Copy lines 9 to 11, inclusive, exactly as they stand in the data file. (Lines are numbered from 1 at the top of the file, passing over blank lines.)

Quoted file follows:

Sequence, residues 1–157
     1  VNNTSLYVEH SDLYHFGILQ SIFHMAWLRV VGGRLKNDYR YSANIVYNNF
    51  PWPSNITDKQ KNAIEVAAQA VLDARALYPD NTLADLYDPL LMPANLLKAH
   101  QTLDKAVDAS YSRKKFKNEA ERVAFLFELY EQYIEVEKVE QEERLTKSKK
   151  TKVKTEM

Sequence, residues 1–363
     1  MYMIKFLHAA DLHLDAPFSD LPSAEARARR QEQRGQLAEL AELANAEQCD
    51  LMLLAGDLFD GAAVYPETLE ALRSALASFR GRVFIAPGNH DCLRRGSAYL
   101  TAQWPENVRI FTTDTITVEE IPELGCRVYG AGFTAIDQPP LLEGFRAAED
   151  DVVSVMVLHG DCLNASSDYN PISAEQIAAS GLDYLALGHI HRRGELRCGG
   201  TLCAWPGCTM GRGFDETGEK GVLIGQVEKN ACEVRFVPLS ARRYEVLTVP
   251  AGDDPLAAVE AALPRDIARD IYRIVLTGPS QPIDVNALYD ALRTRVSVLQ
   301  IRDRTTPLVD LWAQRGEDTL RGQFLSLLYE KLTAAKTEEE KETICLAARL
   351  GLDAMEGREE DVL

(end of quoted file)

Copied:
   101  TAQWPENVRI FTTDTITVEE IPELGCRVYG AGFTAIDQPP LLEGFRAAED
   151  DVVSVMVLHG DCLNASSDYN PISAEQIAAS GLDYLALGHI HRRGELRCGG
   201  TLCAWPGCTM GRGFDETGEK GVLIGQVEKN ACEVRFVPLS ARRYEVLTVP